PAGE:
Looks like it’s been over a year since I wrote a post with this exact same title… It seems like it’s come up since, but I also recognize that it’s one of my least favorite topics to discuss.
I know it’s come up in some form or another over the past year, especially considering how many reviews I’ve written in the days since I’ve last used this precise battle title…yet I feel as though I haven’t really even thought much about reviews in a very long time…so…why not talk about it? Right?
Nothing’s really changed, at least as far as the basics. Everyone believes that reviews are important to sell books. Obviously, it’s true…well…sorta. I mean, reviews don’t sell books, they complete the sale. When doing free book promotions for all my books at the same time, Buddy Hero still takes the cake for books moved, simply because it has the higher number of reviews attached.
But reviews do not sell books. Well, not unless those reviews are personal recommendations.
One of the larger issues with being an author is recognizing all the pieces that actually go into selling a book. Reviews are really such a small part of things.
Yet, authors (including yours truly) are so very good at focusing solely on one single thing. So, you know, you write a good book…once you’re done focusing with that, you beg and plead for everyone to read your books, and then you beg and plead for everyone to review them, and the you beg and plead for everyone to talk about them, and then…
You get the idea.
Reviews, however, have an extra sort of charm to them…they’re something we can obsess over long after we’ve finished asking for them; poring over every word for some sort of validation that those who think we’re terrible are somehow idiots, and that those who think we’re awesome aren’t just blowing smoke up our youknowwhats.
And I think that’s precisely where I find myself personally struggling with the concept of asking for reviews. There’s something about the whole process that seems so incredibly selfish. No matter how much you (or I) may ask for honest reviews, there’s always this sense that I will absolutely hate you for forever if you should give such a review.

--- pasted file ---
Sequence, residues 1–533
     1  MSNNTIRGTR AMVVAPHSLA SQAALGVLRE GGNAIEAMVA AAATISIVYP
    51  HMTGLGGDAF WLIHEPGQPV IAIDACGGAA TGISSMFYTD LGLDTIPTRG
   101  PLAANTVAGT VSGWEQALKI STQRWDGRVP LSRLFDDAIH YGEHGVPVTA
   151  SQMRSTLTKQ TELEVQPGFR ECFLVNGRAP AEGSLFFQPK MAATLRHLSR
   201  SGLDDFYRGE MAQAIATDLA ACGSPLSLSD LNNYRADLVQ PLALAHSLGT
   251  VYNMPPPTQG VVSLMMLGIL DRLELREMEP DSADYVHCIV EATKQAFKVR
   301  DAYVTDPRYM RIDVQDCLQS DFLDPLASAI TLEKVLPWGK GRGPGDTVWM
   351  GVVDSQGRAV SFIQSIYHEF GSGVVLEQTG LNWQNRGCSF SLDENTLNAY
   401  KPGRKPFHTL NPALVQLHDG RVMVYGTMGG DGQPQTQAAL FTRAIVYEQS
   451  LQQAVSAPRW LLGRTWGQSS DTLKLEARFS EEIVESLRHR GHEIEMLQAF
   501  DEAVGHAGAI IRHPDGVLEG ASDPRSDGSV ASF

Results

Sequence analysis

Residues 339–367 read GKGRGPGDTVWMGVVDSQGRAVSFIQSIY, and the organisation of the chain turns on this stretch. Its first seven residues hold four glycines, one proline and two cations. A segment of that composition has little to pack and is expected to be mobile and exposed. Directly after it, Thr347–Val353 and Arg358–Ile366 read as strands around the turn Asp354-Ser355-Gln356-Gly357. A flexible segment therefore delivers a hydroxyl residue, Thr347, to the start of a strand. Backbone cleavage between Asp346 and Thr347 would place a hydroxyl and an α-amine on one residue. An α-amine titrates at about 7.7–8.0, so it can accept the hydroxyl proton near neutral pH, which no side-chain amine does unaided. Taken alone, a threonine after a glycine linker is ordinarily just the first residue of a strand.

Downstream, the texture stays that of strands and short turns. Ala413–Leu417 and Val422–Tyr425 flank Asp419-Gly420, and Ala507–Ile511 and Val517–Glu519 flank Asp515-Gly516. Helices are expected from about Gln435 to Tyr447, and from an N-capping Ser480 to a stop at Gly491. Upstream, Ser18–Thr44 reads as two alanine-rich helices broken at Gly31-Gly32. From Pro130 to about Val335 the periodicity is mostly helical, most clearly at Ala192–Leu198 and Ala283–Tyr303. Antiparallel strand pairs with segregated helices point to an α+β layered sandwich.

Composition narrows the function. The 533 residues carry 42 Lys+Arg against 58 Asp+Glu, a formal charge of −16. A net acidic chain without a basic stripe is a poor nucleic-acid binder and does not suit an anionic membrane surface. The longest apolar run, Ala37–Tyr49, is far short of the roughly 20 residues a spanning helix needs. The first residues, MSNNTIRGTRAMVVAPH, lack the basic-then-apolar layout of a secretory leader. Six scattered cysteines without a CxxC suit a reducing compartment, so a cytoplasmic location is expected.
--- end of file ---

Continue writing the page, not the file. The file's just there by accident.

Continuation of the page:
But here’s the reality…yes, it will hurt, but it will hurt so much more for authors if they don’t recognize the truth early on…the truth, of course being, that not everyone will love them…if anyone.
Here’s an example of a very very odd review-type situation that I’ve come across in my own personal history. A little over a year ago, someone let me know that they had finished The Agora Files and were absolutely in love with it and anxiously awaiting the second book, forcefully telling me that I needed to release the second book now. A few weeks ago, the most vocal of those folks put up a rating for the book on Goodreads and gave it a two.
I talked to her personally and she told me how much she loved the book, yet, those two stars come about and…well, how should one take that?
Luckily for me, I’m a pretty large cynic when it comes to anyone telling me they love my books, so I wasn’t really all that badly hit by such a change in message…but it’s still an odd concept.
Reviews are a double-edged sword in so many ways for authors, but as above, they can be even more so when they are focused on the personal friend and family reviews.
But more importantly…they also are absolutely worthless unless you are able to get people to really truly care about your books.
As always…first step is to write a great book. Second one…find your actual audience. Your old English teacher is probably not all that interested in your hard dark fantasy novel and wouldn’t even begin to know who to tell to read it, should she decide to recommend it to anyone.
Reviews will come…
Of course…that doesn’t mean you shouldn’t try to find some people you aren’t connected to who will hook you up with some non-biased reviews to help your potential sellers.
Have fun out there!